CARTAN-HANSEN: Christina is going to show us how to test solids She puts some baking soda in a cup and adds water. And then, she gives it a good stir. SAUNDERS: Okay, so just like before, I’m gonna use a straw and let’s see if something else happens this time. If baking soda is different than the vinegar, all right, I might need more. We’re just gonna pour that in there. So, in this case we didn’t see much of a color change and so a variety of things might be happening. It might be that the water was already kind of basic. So, we would expect that that baking, baking soda is basic. And so, we might use this as a comparison to say, well anything else that kind of has this blue color, you’ll notice that it is a little bit different than the original purple. That anything that turns that blue is a similar type of compound in this case a base. So, let’s test some other things. So, let’s test some soap. You can use any kind of soap, but as long as it doesn’t have a really bright color to it, because sometimes um, some of those soaps will have a dye in there and that dye will interfere with what that color looks like. So, I’m gonna put a little bit of this clear soap right into my container.

CHRISTINA MOTTISHAW, CHEMIST: What is your guess, Chris? Is it acid or base?

SAUNDERS: Well, it depends on the soap, but most soaps are little bit basic. And so, you’ll see that the color change is about the same as our baking soda. So, baking soda is a base and a lot of soaps are also basic as well. Notice that they’re different than that acid that we put in there. So, let’s see. So, Christina, what would you think might be another acid? Might be something that looks like the vinegar.

MOTTISHAW: I really think lemon juice. It’s so sour when I eat it. I think it’s a little acidic.

SAUNDERS: So, Let’s test some lemon juice. So put a couple drops in there and watch what happens. I’m gonna stir this a little bit, but already we can start to see that color change. So, we can move this over here. You can see that it’s turning that same color so we can compare those two compounds even though they’re different, they’re both considered acids. And let’s do one more. So, I always think this is a cool one because oftentimes some of the stuff that we like to drink is fizzy. So, what makes this stuff fizzy is dissolved carbon dioxide gas. And we oftentimes don’t think of a dissolved gas as being an acid or a base, but actually carbon dioxide when you dissolve it in water. I’m gonna open this up, hopefully it doesn’t make a mess. You can hear that gas coming out as I open it. So, in those bubbles fizzing up, that’s that carbon dioxide. Carbon dioxide can make small amounts of carbonic acid in that solution. So, if there’s carbonic acid in here, we should see it in any sort of fizzy drink when we put this in our indicator. So, I’m gonna get a clean straw and give it a test. And it doesn’t have to be a sugary drink, it could just be sparkling mineral water or anything that’s carbonated. You would expect the same result. So, you’ll see that it turns that pink color. And that’s to show that this is slightly acidic. So even if you don’t think of something as a acid or a base, you might be surprised by what you find out. So, we would encourage you then to think about other types of compounds that you might, other materials that you might find in your house, other types of foods or drinks or anything that you are interested in. You now have a way to make a really easy, really quick acid base indicator and you can do your own experiments, make your own guesses, and then confirm whether those things are acids or bases with your red cabbage indicator.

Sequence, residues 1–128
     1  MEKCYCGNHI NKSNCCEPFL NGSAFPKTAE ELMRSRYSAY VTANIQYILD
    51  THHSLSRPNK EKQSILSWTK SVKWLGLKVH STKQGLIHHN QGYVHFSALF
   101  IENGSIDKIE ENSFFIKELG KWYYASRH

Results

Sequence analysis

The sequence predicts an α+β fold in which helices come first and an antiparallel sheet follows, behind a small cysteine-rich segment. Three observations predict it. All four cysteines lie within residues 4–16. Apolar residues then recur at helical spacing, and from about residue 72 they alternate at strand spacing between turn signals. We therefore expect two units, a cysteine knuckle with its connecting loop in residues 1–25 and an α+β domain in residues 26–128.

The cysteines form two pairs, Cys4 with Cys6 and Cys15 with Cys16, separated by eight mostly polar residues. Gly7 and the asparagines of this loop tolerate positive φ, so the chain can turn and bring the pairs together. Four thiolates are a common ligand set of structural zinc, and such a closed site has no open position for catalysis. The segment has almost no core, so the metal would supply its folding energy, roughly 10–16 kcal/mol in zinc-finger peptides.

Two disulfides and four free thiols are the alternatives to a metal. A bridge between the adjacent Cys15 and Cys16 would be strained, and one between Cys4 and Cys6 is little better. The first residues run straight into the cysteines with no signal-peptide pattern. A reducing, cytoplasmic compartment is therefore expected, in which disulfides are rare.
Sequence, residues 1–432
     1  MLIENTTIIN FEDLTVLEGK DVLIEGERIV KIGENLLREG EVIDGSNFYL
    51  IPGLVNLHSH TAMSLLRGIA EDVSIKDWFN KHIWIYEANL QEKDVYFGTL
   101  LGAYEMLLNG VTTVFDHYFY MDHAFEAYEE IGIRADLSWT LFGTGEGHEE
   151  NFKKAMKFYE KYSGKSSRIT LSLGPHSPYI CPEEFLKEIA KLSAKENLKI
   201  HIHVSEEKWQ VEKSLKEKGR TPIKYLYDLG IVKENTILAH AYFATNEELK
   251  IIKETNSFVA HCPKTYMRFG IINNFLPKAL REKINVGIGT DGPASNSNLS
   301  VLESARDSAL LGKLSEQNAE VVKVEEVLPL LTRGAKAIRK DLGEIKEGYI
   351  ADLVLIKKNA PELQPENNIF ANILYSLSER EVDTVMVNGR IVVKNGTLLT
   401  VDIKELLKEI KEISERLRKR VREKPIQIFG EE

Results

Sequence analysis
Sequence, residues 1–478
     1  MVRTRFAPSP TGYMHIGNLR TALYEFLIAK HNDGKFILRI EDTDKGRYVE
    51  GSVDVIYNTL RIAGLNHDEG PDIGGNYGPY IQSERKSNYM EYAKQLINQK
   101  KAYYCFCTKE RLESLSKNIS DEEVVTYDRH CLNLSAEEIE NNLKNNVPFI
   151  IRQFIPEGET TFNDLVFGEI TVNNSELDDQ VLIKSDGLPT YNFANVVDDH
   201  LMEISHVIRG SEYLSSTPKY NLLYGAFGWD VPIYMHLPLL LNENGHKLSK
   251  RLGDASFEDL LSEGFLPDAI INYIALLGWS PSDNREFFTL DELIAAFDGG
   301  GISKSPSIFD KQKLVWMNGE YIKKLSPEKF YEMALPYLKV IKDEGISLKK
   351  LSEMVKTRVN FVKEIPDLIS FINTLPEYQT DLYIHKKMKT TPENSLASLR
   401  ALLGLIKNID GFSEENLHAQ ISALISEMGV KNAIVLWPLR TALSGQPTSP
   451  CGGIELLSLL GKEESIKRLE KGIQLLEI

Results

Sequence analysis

CARTAN-HANSEN: If you want to, if you want to learn more head to the science trek website. You’ll find facts, links, games, materials for educators, and parents and much more! You’ll find it all at science trek dot org.